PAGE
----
In this play, the narration of Plutarch, in the Life of Coriolanus, is very exactly followed; and it has been observed that the Poet shows consummate skill in knowing how to seize the true poetical point of view of the historical circumstances, without changing them in the least degree. His noble Roman is indeed worthy of the name, and his mob such as a Roman mob doubtless were; such as every great city has possessed, from the time of the polished Athenians to that of modern Paris, where such scenes have been exhibited by a people collectively considered the politest on earth, as shows that “the many-headed multitude” have the same turbulent spirit, when there is an exciting cause, in all ages.

Shakspeare has extracted amusement from this popular humor, and, with the aid of the pleasant satirical vein of Menenius, las relieved the serious part of the play with some mirthful scenes, in which it is certain the people's folly is not spared.

The character of Coriolanus, as drawn by Plutarch, was happily euited to the drama, and in the hands of Shakspeare could not fail of exciting the highest interest and sympathy in the spectator. He is made of that stern, unbending stuff, which usually enters into the composition of a hero. Accustomed to conquest and triumph, his inflexible spirit could not stoop to solicit, by flattering condescension, what it felt that its worthy services ought to command :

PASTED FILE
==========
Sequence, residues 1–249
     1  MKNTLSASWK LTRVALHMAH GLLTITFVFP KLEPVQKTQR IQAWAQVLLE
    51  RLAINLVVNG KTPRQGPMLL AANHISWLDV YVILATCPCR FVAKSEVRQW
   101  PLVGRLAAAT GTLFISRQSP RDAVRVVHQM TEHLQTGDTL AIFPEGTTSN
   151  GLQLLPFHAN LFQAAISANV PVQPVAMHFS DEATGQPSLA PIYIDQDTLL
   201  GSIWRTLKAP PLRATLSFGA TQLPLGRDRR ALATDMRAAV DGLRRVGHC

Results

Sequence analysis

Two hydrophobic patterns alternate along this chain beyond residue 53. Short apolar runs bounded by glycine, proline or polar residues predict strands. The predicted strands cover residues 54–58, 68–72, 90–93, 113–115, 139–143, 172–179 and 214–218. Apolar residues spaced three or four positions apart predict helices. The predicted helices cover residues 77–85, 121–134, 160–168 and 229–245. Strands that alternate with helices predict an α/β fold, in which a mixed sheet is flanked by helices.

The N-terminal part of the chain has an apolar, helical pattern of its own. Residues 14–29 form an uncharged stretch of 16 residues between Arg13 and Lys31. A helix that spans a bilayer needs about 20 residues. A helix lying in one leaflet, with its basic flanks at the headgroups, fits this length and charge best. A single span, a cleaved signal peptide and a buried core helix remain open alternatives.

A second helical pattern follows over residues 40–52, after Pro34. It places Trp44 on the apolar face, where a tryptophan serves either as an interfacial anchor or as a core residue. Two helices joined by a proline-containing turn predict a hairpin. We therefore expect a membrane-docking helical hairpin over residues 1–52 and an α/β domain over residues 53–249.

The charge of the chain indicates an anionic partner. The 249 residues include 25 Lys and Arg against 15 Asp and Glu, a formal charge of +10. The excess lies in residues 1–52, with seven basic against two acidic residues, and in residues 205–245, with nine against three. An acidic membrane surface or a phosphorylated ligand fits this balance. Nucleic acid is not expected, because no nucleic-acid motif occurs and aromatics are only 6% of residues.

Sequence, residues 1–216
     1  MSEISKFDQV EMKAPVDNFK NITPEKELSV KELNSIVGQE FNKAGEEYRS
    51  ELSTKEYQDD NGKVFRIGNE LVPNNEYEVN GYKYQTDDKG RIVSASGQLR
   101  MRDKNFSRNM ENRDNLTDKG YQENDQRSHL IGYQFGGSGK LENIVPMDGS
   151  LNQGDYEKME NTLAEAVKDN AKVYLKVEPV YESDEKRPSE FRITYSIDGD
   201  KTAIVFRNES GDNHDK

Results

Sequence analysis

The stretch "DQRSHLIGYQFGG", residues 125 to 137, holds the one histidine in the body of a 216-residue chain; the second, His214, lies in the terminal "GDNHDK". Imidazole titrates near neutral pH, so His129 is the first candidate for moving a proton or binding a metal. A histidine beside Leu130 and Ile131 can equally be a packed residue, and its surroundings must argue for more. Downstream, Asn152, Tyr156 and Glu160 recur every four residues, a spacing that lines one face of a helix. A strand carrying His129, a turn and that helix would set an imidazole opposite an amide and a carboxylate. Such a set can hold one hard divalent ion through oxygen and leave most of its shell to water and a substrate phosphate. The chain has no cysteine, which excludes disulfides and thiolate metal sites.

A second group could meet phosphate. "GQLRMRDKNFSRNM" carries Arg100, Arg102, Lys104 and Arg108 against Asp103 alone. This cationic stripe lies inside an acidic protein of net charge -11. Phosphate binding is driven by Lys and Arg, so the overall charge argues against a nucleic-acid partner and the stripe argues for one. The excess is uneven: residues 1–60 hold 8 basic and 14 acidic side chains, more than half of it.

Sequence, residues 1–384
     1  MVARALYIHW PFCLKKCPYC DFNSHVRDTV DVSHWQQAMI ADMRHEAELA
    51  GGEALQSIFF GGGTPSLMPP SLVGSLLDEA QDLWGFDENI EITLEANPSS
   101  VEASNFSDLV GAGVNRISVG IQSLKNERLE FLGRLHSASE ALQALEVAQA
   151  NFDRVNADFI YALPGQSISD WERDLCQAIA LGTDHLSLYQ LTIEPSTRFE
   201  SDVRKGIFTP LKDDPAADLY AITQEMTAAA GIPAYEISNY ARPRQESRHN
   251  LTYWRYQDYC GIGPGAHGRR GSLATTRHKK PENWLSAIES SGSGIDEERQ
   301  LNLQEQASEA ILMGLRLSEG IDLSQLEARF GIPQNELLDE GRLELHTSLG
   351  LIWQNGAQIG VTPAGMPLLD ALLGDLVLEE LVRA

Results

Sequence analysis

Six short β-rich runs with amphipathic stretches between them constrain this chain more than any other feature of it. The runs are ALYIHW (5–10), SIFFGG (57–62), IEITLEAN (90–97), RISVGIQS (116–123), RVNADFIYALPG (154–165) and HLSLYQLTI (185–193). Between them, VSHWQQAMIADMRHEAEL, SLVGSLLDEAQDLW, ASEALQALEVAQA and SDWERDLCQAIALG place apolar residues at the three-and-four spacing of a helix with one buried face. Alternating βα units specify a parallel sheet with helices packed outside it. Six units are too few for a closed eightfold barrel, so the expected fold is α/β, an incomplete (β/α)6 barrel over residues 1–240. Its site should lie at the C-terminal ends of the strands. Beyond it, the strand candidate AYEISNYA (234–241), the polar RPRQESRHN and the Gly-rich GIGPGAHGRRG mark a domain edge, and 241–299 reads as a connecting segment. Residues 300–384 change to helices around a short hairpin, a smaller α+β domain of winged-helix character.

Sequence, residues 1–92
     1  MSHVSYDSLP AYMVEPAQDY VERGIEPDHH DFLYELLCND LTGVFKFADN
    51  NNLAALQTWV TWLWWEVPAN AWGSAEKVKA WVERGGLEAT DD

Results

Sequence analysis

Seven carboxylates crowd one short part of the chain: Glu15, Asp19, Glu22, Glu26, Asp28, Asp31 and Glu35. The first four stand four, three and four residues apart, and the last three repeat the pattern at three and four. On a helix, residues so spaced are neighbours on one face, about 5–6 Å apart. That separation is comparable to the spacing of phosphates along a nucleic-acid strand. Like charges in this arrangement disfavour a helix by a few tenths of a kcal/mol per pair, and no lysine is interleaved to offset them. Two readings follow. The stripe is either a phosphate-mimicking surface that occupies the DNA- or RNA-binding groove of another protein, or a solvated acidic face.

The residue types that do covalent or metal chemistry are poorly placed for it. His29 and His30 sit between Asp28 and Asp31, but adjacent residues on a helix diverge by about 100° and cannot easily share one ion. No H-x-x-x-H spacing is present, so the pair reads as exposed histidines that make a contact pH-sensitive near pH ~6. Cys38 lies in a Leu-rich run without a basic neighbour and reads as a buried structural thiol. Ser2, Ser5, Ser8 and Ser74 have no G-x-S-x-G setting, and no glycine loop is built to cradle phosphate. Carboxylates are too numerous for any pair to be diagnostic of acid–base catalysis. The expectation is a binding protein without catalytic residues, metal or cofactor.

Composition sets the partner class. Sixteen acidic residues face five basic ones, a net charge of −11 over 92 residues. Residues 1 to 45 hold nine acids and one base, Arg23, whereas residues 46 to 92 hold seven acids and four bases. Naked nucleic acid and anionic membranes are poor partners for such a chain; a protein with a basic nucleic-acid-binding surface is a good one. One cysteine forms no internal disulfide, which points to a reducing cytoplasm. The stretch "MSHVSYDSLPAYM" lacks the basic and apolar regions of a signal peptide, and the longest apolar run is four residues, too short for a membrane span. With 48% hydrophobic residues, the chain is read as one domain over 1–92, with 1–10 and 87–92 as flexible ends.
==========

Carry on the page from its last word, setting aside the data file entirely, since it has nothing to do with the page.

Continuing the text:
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He hated flattery; and his sovereign contempt for the people arose from having witnessed their pusillanimity: though he loved “ the bubble reputation,” and would have grappled with fate for honor, he hated the breath of vulgar applause as “the reek o' the rotten fens."


He knew that his actions must command the good opinion of men; but his modesty shrunk from their open declaration of it; he could not bear to hear “his nothings monstered.”

-Pray you, no more; my mother,
Who has a charter to extol her blood,

When she does praise me, grieves me.”
But yet his pride was his greatest characteristic-

“Which out of daily fortune ever taints

The happy man." This it was that made him seek distinction from the ordinary herd of popular heroes; his honor must be won by difficult and daring enterprise, and worn in silence. It was this pride which was his overthrow, and from which the moral of the piece is to be drawn. He had thrown himself, with the noble and confiding magnanimity of a hero, into the hands of an enemy, knowing that the truly brave are ever generous; but two suns could not shine in one hemisphere; Tullus Aufidius found he was darkened by his light, and he exclaims

He bears himself more proudlier,
Even to my person, than I thought he would
When I did first embrace him. Yet his nature